Though Diplo has reigned supreme as the underground ying to Timbaland’s overground yang, for my buck, one of the best beat magicians slicing and dicing today is Montreal’s Ghislain Poirer. His non-instrumental work with MC’s, such as the collaboration with Abdominal (“City Walking”) brim with alleyway menace and threatening intricacy. For Poirer, it’s not a matter of just finding the groove and then just striking over and over again in that same sweet spot. Poirer’s beats are knotty, itchy and architectural. “Don’t Smile, It’s Post Modern” sounds like a particularly fast and difficult Tetris game where patterns are assembled and dissolved at a furiously glitched pace.
The video is little more than a one-joke stretch, but as Fatboy Slim’s “Praise You” proved, you can create an infinitely entertaining video out of the rapt fascination people have with dance moves. (the quality seems to be a secondary issue) Even the Ipod silhouette commercials recognize the magnetic currency of raw movement, proving wildly popular despite the fact that they are little more than outlines pulsing to an upbeat song. I think this video similarly succeeds in part by playing on all the hilarious tensions of the situation coupled with the freedom and joy of just watching some fool, in this case, possessed by the need to dance.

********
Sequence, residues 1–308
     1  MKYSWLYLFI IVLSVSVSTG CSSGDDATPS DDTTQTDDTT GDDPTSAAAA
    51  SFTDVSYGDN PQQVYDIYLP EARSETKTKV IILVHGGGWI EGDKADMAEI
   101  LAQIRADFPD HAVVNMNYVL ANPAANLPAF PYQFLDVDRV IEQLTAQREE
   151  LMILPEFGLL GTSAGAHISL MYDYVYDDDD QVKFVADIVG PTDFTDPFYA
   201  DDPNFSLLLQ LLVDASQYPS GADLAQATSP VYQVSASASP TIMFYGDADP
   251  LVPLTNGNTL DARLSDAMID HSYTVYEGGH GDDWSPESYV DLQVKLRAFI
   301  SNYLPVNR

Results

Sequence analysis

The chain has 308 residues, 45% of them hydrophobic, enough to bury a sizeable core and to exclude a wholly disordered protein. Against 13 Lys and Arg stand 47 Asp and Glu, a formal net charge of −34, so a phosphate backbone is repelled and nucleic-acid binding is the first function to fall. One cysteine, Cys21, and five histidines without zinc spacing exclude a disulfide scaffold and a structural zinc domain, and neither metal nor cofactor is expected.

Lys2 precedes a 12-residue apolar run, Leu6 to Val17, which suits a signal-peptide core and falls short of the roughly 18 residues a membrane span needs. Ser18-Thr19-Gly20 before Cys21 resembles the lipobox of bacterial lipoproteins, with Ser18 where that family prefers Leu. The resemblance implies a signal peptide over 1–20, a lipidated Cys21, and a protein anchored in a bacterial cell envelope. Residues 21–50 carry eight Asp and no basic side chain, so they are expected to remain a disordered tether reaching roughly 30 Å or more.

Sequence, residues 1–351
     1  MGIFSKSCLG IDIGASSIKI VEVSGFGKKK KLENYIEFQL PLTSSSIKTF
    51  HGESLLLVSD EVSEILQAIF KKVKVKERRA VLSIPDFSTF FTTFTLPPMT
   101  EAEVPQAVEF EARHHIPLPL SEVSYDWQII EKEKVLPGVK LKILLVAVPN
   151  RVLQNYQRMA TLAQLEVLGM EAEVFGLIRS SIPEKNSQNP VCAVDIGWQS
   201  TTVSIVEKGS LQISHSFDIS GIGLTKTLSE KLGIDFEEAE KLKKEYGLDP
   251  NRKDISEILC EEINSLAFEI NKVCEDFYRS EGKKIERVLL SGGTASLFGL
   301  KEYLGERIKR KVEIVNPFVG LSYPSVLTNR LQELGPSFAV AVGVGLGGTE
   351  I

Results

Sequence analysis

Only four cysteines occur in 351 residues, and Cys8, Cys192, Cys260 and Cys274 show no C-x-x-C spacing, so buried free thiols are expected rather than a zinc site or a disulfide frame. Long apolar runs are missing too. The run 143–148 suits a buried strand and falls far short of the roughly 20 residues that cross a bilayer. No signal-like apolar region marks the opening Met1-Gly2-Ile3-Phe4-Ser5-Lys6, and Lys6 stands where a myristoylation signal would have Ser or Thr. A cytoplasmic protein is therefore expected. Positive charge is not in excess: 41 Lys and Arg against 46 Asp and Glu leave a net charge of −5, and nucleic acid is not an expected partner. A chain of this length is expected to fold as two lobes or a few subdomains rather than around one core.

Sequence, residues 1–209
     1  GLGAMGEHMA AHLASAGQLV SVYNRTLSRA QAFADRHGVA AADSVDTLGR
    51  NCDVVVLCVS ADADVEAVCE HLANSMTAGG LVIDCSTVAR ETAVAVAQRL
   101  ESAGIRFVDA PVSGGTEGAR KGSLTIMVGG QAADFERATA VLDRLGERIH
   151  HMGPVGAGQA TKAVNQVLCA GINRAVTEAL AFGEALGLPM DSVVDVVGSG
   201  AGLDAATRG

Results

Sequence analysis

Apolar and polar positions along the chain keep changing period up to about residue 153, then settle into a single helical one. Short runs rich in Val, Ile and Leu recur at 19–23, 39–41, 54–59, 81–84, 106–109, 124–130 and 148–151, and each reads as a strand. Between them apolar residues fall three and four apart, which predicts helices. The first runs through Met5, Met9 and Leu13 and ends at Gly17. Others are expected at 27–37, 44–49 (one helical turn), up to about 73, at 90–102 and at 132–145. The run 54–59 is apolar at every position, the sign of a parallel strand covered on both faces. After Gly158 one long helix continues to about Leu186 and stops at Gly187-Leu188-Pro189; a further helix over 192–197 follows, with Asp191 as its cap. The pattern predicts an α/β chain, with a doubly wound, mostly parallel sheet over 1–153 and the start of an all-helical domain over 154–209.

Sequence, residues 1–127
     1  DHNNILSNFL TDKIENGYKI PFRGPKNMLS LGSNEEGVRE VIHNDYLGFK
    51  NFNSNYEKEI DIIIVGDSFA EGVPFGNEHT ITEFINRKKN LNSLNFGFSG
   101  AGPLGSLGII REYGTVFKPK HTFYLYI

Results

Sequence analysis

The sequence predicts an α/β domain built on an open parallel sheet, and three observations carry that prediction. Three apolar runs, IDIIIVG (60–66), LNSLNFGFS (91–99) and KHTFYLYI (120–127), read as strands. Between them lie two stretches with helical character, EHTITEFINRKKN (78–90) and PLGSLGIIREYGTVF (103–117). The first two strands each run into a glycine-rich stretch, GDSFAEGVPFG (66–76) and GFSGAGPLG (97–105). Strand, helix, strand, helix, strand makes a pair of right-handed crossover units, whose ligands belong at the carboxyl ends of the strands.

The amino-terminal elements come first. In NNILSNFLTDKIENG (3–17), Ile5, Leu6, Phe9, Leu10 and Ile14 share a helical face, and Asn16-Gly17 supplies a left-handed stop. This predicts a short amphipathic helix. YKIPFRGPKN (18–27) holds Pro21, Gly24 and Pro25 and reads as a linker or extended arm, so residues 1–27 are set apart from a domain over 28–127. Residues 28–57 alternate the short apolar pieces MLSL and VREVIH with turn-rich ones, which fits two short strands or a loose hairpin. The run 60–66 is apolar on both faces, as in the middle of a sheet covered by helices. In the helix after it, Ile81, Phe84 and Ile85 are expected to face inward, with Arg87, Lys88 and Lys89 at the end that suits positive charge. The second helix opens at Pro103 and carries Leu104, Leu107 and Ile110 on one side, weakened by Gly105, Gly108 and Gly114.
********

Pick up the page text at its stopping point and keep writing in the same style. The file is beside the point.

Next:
First off, it seems to be shot with a club-drug lens, a fact emphasized by the superimposition of the germy spots which glide across the toilet surfaces. For anyone whose ever abused/used these drugs, the effect is a familiar one as is the almost painfully fluoresced tile and uncomfortable urinal silences. I’m sure someone has analyzed the weird tensions involved in the men’s restroom where sexual panic, fear of inadequacy and free floating erotic tension mix. It’s probably somewhere in Camille Paglia’s footnotes. Perhaps the best part of the video is that it makes a dance routine out of post-micturition convulsion syndrome, a shiver/tremor sensation that a large percentage of men have after or during urination. For me, that’s funny enough to make the video one that bears repeated viewing.
// Moving Pixels
"Spirits of Xanadu wrings emotion and style out of its low fidelity graphics.READ the article